David Zinc has it all: Big firm, big salary, life in the lawyer's fast lane, until the day he snaps and throws it all away.
Leaving the world of corporate law far behind, he talks himself into a new job with Finley & Figg, ambulance-chasing street lawyers who hustle nickel-and-dime cases, dreaming of landing the big win.
For all his Harvard Law Degree and five years with Chicago's top firm, Zinc has never entered a courtroom, never helped a client who really needed a lawyer, never handled a gun. All that is about to change.
Reviewed on 11th April 2013
John Grisham's best book for years. The Litigators follows young lawyer David Zinc, who leaves his high-paid lawyerly career to become a street lawyer and dabble in mass tort.
Okay, so the plot could be a number of his previous works bolted together, but this time it works. The set of characters Grisham has created are believable, and more importantly all relatable. The plot is honest and straight-forward and works perfectly. Even the classic Grisham rubbish ending is missing, making the novel almost perfect.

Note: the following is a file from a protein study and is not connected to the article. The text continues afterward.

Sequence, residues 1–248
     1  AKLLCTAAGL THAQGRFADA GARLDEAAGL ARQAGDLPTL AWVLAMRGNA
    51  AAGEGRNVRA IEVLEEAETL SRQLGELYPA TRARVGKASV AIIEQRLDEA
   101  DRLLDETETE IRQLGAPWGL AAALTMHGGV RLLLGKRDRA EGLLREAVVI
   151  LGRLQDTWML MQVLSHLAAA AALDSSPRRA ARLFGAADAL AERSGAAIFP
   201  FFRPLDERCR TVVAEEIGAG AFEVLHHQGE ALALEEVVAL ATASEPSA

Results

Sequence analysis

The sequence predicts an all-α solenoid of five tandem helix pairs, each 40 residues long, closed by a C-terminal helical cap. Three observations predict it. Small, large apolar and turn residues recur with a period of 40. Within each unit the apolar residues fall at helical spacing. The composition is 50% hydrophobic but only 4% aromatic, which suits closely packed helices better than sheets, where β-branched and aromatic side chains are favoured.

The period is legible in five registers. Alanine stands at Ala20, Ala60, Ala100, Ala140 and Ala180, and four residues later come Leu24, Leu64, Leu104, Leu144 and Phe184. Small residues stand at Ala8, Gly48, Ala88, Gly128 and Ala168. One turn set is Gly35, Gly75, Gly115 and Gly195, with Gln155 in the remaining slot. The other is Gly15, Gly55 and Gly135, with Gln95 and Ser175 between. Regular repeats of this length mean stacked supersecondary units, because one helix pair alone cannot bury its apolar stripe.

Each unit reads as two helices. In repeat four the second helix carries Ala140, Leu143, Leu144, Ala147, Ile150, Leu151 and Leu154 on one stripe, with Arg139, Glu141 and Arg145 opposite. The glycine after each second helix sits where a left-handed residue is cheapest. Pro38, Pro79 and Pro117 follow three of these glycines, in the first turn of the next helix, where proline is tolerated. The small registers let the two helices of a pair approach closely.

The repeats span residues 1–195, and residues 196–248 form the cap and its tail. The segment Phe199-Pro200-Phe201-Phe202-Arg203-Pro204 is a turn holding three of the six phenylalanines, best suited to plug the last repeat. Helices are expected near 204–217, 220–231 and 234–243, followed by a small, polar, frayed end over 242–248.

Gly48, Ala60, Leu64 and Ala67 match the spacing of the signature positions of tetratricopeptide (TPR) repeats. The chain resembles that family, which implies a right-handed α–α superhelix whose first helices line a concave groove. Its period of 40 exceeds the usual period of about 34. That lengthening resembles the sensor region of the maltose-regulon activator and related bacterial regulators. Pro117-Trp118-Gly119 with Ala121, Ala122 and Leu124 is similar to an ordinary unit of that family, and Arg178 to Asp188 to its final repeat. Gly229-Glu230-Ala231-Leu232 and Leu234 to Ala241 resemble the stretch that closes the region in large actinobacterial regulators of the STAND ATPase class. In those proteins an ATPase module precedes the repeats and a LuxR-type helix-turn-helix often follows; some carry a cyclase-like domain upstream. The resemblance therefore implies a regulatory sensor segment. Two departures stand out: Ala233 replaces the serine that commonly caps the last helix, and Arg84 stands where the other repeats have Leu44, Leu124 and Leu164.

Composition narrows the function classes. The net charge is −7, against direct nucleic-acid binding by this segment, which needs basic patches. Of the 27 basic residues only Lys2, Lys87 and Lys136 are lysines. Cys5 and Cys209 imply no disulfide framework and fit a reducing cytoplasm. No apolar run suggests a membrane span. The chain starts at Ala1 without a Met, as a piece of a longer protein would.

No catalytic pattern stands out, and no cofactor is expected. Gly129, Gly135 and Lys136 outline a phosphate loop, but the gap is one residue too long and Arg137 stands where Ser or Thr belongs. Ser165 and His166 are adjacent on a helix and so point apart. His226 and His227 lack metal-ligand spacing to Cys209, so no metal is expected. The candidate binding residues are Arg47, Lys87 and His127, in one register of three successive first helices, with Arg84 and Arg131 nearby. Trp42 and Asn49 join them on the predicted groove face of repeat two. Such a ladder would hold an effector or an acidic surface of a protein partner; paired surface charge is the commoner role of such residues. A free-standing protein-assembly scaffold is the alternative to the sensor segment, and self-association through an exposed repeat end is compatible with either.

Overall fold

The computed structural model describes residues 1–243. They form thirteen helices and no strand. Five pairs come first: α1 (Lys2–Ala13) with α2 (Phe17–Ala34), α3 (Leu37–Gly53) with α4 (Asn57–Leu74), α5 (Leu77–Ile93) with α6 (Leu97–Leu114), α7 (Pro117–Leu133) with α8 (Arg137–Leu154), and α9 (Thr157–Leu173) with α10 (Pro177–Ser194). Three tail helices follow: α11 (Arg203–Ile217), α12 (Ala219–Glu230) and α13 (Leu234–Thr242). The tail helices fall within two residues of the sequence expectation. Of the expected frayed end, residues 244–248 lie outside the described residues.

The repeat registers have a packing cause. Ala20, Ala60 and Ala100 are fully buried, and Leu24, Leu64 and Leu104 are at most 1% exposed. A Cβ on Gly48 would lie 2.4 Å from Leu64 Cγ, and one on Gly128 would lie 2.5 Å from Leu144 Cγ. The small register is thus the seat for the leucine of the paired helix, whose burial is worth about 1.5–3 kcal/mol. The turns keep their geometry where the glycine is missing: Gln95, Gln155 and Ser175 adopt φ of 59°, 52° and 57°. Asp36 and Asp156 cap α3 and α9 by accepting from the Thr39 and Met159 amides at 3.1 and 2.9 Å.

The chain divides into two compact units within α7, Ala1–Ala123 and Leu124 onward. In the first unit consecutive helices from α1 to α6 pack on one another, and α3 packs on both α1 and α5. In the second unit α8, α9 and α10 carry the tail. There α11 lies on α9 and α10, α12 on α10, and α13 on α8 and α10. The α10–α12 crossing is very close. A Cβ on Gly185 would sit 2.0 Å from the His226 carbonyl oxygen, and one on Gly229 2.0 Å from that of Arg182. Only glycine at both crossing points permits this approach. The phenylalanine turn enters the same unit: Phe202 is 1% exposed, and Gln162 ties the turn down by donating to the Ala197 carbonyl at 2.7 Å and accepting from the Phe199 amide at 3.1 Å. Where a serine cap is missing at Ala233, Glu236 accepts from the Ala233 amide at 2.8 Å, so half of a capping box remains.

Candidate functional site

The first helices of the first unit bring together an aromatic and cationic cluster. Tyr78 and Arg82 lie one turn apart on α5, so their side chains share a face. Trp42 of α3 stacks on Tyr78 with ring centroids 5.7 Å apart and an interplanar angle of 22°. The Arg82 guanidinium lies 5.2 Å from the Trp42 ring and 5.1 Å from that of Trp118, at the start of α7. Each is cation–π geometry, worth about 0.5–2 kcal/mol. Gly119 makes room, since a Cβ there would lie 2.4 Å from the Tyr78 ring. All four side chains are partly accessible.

In fact I'm finding it hard to find something to be critical of. The plot meanders a little, but this could easily be described as twists to make it more engaging. It includes odd little comic moments and some stylistic quirks which sometimes feel brilliant but sometimes out of place, but it is generally a good book, which did catch me by surprise.
An excellent read that I rushed through in little over a day. Grisham at his best again at last, and hopefully this will continue.